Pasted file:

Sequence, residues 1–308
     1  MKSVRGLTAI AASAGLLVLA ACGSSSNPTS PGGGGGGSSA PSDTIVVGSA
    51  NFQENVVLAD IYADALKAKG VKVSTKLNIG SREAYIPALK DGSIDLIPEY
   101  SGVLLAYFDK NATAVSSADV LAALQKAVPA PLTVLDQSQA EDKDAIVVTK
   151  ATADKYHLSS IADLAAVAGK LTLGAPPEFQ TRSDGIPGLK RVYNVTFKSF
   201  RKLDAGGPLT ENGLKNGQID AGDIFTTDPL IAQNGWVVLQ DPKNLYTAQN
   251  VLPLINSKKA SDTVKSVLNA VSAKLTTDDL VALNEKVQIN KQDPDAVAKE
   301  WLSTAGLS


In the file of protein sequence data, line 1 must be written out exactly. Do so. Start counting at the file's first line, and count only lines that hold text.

Sequence, residues 1–308